Tonight was the first time that Gard and O’ Sullivan had performed as a duo but one would never have guessed as they struck up an easy and instinctive rapport from the start. The lack of a bass player was never an issue as Gard handled the duties with his feet, something that he’s always made a feature of with his pedalboard clearly visible to audiences. Similarly the absence of guitar was hardly noticed as this merely gave Gard more scope to roam around the two manual keyboard on his Nord C20 - not actually a Hammond then, but sounding remarkably similar to one. Apart from hard core organ aficionados I doubt if many people actually noticed, and regardless of who the manufacturer was the music still sounded great. Gard is one of the best organ soloists around, a fiery and fluent player who is something of a local hero but who is arguably deserving of a national reputation. 
The duo started off with the title track from “Come On Rita” , a lively start that demonstrated the impressive technical skills of both musicians.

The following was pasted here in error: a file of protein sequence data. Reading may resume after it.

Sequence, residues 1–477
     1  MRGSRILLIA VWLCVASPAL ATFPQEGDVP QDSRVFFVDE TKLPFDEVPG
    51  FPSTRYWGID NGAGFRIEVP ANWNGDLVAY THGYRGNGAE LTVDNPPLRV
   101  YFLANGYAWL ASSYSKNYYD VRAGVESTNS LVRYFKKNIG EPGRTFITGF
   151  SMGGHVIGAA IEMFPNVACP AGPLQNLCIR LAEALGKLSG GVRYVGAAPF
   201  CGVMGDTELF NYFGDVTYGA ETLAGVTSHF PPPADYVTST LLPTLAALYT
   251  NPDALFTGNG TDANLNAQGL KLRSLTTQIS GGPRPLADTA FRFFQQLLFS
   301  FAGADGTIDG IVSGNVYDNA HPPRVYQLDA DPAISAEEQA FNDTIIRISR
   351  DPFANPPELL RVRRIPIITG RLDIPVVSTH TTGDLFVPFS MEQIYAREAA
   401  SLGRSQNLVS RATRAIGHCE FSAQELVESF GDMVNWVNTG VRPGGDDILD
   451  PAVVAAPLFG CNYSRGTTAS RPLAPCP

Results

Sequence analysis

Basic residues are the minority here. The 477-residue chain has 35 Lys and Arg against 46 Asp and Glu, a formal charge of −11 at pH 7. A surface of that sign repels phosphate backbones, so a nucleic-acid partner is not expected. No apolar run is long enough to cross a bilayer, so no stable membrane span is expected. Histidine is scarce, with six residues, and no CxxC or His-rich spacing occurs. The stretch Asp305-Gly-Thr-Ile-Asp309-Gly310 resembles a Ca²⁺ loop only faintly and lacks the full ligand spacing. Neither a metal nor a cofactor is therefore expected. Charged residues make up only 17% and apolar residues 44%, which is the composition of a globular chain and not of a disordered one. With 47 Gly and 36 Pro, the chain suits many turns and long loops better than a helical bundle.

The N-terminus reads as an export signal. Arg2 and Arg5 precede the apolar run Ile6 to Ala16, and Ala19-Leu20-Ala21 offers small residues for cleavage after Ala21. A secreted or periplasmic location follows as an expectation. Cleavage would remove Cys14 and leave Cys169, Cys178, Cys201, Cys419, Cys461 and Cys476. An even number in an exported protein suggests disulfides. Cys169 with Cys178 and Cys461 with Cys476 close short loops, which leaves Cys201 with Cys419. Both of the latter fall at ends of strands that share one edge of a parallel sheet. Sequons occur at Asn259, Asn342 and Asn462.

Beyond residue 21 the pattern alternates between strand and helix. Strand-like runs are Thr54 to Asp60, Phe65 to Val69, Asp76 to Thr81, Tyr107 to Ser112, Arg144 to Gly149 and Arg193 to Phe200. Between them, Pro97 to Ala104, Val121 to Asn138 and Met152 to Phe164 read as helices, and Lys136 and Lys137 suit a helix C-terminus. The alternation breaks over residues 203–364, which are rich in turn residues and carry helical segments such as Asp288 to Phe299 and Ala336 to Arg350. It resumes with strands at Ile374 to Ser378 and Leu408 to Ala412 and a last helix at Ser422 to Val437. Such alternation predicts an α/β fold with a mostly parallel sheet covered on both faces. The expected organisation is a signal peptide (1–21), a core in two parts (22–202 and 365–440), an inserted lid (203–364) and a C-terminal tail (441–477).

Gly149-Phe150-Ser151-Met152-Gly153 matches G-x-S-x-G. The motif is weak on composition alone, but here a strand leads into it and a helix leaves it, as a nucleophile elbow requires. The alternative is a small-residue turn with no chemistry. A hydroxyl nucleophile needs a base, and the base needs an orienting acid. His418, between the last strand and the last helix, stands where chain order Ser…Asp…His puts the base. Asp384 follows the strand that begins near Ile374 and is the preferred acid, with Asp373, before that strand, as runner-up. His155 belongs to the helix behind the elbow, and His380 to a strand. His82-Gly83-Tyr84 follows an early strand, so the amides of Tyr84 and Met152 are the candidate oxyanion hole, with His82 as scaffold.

The jazz standard “My One And Only Love” introduced a touch of gospel to the arrangement and also included the first of many quotes as Gard wove a quote from “Jingle Bells” into his solo. Well it was the last club night before Christmas and the whole gig had a relaxed, almost party atmosphere about it. 
The next piece was unannounced but I suspect that it was the Gard original “Waltz For Evans” (I assume that’s Bill not Gareth) from the “Come On Rita” album. Gard’s soloing was typically fleet fingered and this time he managed to weave the melody from “Greensleeves” into the fabric of the tune. Great fun. 
Many of Gard’s titles are dedication to other musicians. “Tea 4 Joey” honours that giant (in every sense) of the Hammond Joey de Francesco and is based on a chord sequence by guitarist Pat Martino, with whom De Francesco once played. The piece was played in bossa nova style with O’Sullivan responding well to Gard’s melodic prompting.